In accordance with the present invention, the heat-transfer wall 1 is not limited to that of tubes but may be the flat surface of plates or boards, in which case the notches 4 serve to disperse a condensate of poor flowability from grooves 2 where it is collected to adjacent grooves so that the liquid film over the flat heat-transfer surface is thinned out.
FIG. 2 graphically represents the results of experiments conducted to demonstrate the advantageous effects of the present invention. Tubes incorporating the heat-transfer wall of the invention and those provided with the conventional low-finned wall were installed in shell-and-tube condensers of 300-refrigeration-ton turbo-refrigerators, and the condensation capacities of the test condensers (both using Freon R-11 as the refrigerant) were compared.
The heat-load Q (in Kcal/m.h.) is plotted as abscissa and the coefficient of overall heat transmission Kc (in Kcal/m.h.°C.) as ordinate.
In this graph the line A summarizes the results with heat-transfer tubes of copper accordng to the invention, measuring 19.2 mm in outside diameter, 0.4 mm in groove pitch, 0.8 mm in groove depth (the grooves extending at right angles to the axis of the tube), 0.2 mm in notch pitch, and 0.5 mm in notch depth. The line B summarizes the results with low-finned copper tubes 18.6 mm in outside diameter, 1.4 mm in fin pitch, and 1.3 mm in fin height. As can be seen from the graph, the corfficient of overall heat transmission achieved by the low-finned heat-transfer tubes was approximately 200 Kcal/m.h.° C. whereas that attained by the tubes according to the invention was over 300 Kcal/m.h.° C., indicating that the latter can achieve by far the higher heat transmission efficiency.
Another embodiment shown in FIG. 3 differs from the first one of FIG. 1 in that the peaks 5 at the edges of the ridges 3 are bent toward the grooves 2. A heat-transfer wall with such a surface contour is obtained by deforming their ridges 3 shown in FIG. 1 by means of a die 7 grooved as in FIG. 4. Bending of the ridges 3 by the deformation leaves the notches 4 partly behind thereon as slits communicated with hollows 21 in the rounded crests 6 that result.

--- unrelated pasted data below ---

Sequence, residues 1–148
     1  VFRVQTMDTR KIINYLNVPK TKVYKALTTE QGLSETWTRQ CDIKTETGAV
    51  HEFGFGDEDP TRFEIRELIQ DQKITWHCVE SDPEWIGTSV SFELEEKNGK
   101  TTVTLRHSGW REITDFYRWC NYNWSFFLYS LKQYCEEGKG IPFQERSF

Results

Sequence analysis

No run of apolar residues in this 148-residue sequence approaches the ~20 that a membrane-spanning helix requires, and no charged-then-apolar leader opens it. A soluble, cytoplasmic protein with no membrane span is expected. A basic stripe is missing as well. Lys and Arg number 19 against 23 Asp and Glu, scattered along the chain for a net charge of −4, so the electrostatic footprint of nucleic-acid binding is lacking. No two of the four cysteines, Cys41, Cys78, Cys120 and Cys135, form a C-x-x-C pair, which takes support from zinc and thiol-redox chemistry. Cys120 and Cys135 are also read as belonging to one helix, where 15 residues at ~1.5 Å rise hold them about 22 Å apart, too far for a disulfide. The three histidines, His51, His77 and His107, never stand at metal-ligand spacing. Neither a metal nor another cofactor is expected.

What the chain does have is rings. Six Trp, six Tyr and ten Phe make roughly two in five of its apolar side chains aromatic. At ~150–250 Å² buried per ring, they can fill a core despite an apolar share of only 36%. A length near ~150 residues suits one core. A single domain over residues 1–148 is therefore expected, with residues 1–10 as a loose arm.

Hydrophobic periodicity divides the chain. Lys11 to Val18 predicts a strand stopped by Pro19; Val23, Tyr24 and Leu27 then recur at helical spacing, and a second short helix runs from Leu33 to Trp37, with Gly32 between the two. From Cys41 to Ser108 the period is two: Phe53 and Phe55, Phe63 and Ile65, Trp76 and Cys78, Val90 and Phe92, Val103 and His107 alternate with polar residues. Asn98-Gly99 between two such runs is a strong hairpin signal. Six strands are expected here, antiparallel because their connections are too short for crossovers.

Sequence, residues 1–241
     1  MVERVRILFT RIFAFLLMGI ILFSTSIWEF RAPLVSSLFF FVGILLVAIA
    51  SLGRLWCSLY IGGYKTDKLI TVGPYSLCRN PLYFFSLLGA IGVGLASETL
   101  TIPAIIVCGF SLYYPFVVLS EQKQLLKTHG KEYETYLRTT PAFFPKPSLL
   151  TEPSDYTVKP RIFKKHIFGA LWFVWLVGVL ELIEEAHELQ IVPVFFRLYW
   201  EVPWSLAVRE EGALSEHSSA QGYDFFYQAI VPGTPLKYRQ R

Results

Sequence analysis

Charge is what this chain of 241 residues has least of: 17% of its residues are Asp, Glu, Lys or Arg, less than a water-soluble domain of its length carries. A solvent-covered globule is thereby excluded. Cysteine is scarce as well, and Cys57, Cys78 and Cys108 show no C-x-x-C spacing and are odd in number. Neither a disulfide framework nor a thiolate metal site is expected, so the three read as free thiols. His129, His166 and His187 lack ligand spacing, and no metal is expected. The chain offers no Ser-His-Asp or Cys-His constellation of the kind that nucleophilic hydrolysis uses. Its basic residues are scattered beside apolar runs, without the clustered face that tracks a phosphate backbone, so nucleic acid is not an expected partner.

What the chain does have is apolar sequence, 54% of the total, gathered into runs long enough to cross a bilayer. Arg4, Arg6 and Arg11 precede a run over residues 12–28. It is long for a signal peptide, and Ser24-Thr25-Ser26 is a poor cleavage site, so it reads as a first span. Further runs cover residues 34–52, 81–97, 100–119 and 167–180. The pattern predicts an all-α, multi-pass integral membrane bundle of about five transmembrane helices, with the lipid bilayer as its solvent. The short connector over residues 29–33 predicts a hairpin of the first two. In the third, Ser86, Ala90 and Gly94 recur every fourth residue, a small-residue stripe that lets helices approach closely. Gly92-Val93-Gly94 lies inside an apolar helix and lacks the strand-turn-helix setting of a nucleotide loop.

In the condensation of vapor on this heat-transfer wall, the liquid drops or films composed of those drops formed on the rounded crests 6 flow mostly into the grooves 2 and hollows 21 under the urgings of gravity and surface tension of the condensate. The remaining liquid films that flow along the rounded crests 6 are led along the edges of the slits 4 into the grooves 2 via the hollows 21. Consequent thinning of the liquid films over the rounded crests 6 permits brisk vapor condensation with an increased heat transmission efficiency.
If the heat-transfer wall is that of a tube, part of the condensate flowing downward will gather in the hollows 21 generally U-shaped in the lower part of the tube. Then, the slits or deformed notches 4 in the ridges 3 that constitute the hollows 21 will allow the liquid to fall therethrough out of the hollows, so that the liquid will join the condensate portions from the adjacent parts of the tube and will rapidly leave the tube in the form of drops.
As has been stated above, this invention makes it possible to reduce the sizes of condensers for refrigerators, air conditioners and the like, improve their heat transmission efficiencies, and save the material cost considerably to great industrial advantages.
While the present invention has been described as embodied in the outer surfaces of condenser tubes, it should be obvious to those skilled in the art that the invention is applicable to the inner surfaces as well, for example of heat pipes and the like.
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|U.S. Classification||165/133, 165/184|
|International Classification||B21C37/20, B21D31/00, F28F13/04|
|Cooperative Classification||F28F13/04, B21C37/20, B21D31/00|
|European Classification||B21C37/20, F28F13/04, B21D31/00|